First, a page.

Oh yes, her Tudor style bridal outfit was bought second hand from a bridal shop, coupons being in short supply as we wanted to buy them bed linen with what coupons we could put together. Then we all walked back to the chapel where we found that the folks had moved in and cleaned it all up and put it ready for service the next day. What can you say, just thank you. So it was back to Mam's and then a long walk back to High Blaydon and home. Weddings in wartime were not an easy thing.
Here in Australia one wedding that does stand out was that of my brother's eldest daughter Carol. The day was set, everything arranged, and it began to rain and it rained all the week, talk about water. By the time the wedding day dawned we were squelching, so off to the shops went my sister in law Carrie and bought yards and yards of clear plastic and out came the sewing machine and she made huge overskirts for the ladies, the out came the beach umbrellas from the house to cover the people from the house to the cars then in and out the church. We lived up a road were there were no buses so managed a lift with the farmer's wagon. Went to the hairdressers as arranged but might as well have saved time and money. When we arrived at the church, we found everyone else in raincoats and umbrellas. The hall at which was to be held the reception was dry to start with but by the time everyone arrived and added to the racks of wet coasts and boots it began to look like a refuge camp. My brother John, who had been running back and forth holding umbrellas over the women folks, was drenched. He first shed his shirt which was dried on the radiator then replaced and then he had his coat dried. The roads into Dapto were flooded so guests from outside could not get in and by the same token the honeymoon couple could not get out so end up spending the night in their own home. As we had arranged the catering ourselves, buying in what was needed for a hundred guests, we had oodles left over, but no waste as my sister in law just gave boxes of food to other guests as they left. The weatherman has a lot to answer for the success of the bride's day.
When my brother John was married we had to travel by bus, then tramcar, then walked to the church, but when we got there the church doors were closed. Thinking that we were at the wrong church, we enquired from a man on the steps and were told that the ceremony had started and that you could not get in and no amount of persuasion would make him open the doors so we had to wait. Have you ever stood outside a church in all your finery with passers by staring, I could have shaken him. It seems it was customary to close the doors as the minister objected to latecomers and of course the fellow outside was tipped by the bridal party to open the doors in the beginning. I wonder if he closed them for funerals as well.
Working class folks seldom sent out invitations to a wedding and it's been known for young fellows out for a bit of fun to join in the group of guests leaving the church and follow them to the reception and sit down for tea. So long as they did not come in contact with either bride or groom they were safe as each party imagined they belonged to the other side. I will warrant this happened as I know of it happening at least twice. Gatecrashers are not a new innovation.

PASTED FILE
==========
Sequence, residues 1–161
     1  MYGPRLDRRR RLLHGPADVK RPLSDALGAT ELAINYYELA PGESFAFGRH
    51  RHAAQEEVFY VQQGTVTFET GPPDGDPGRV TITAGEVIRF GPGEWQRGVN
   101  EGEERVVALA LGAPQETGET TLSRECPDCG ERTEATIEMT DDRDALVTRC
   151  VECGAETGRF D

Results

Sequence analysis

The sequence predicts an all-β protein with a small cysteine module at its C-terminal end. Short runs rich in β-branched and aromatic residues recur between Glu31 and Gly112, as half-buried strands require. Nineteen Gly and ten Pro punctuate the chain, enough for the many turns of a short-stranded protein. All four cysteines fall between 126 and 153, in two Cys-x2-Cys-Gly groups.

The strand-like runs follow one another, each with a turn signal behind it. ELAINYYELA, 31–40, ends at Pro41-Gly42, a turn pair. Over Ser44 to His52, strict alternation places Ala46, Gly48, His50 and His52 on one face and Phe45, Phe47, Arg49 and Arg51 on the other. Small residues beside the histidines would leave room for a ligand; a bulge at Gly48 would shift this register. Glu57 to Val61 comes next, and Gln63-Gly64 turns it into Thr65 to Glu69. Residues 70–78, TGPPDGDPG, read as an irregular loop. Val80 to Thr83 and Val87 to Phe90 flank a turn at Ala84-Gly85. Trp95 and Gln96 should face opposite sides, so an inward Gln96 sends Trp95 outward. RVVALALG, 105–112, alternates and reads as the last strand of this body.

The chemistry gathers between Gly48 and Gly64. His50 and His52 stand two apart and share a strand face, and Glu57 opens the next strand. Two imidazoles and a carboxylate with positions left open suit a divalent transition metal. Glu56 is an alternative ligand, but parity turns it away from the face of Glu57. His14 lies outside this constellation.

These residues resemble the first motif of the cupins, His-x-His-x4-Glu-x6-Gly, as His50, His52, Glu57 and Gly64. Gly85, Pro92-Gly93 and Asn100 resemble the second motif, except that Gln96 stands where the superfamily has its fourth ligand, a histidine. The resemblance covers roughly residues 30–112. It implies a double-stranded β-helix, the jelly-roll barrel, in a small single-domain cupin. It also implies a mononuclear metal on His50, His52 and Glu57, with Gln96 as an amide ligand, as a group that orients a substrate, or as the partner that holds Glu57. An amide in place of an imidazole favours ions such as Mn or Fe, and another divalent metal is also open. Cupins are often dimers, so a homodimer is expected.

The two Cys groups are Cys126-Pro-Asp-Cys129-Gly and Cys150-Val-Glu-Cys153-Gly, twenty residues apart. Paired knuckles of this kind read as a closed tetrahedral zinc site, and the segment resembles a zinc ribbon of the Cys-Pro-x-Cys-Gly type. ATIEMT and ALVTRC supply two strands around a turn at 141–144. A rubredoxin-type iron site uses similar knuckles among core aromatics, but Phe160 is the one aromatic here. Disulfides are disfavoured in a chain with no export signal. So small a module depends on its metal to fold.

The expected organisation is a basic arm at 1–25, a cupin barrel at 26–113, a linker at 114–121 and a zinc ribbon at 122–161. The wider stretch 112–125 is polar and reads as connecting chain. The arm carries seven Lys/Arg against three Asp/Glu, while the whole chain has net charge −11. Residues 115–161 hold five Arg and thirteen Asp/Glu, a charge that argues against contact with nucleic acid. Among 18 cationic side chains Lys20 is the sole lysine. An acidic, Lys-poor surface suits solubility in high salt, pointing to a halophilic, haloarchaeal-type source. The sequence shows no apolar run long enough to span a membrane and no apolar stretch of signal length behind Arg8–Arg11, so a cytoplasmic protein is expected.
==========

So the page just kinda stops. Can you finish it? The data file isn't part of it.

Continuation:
Photo below - Wedding photograph of Frank Butcher and Elsie Liddle, youngest sister of Edith Robson.


On my 14th birthday I was taken off to Norman's Riding Isolation Hospital with Scarlet Fever. In those days all contagious diseases were isolated which probably accounts for the hospital being out in the countryside in a lonely spot at the back of Winlaton.
After I was taken away by ambulance my mother had to take all the food out of the pantry and cupboards and take them next door to her parents and the family was made to leave our house for 12 hours. The Health Authority sent two men to seal up all the doors and windows, open all the cupboards and drawers and fumigated the house with, I believe, sulphur fumes. At the end of 12 hours Mam had to go and open the doors to clear the air of fumes then she could go in to open the windows and return home.
I, in the meantime, was busy being bathed and dressed in hospital garments, examined by matron and the doctor and put to bed in a huge ward full of females, both women and children. I was lucky as my bed was quite near to a window and by turning over I could see the main gate to the hospital.
The length of time to be kept in the hospital was six weeks. Trust me, as I had severe throat trouble and ended up with a ten week stay. If you were well enough at the end of one week you were allowed out of bed to sit around the ward but not me, each day Matron would just shake her head sideways.
The ward was huge with a whopping great fireplace at one end and near the other end a big stove. Seats were built around this stove so that you could sit and talk or knit but as normal too many patients and not enough seats so most time the seats were occupied although it had one snag. The stove was a beaut but as all the windows were wide open you could take your choice, face the stove and freeze your back or vice-versa.
After a few days I had a visit from the boys ward as one of my school friends had been in for three weeks, seems like he had caught it from a cousin and had passed it to a classmate and it had gone the rounds of the class.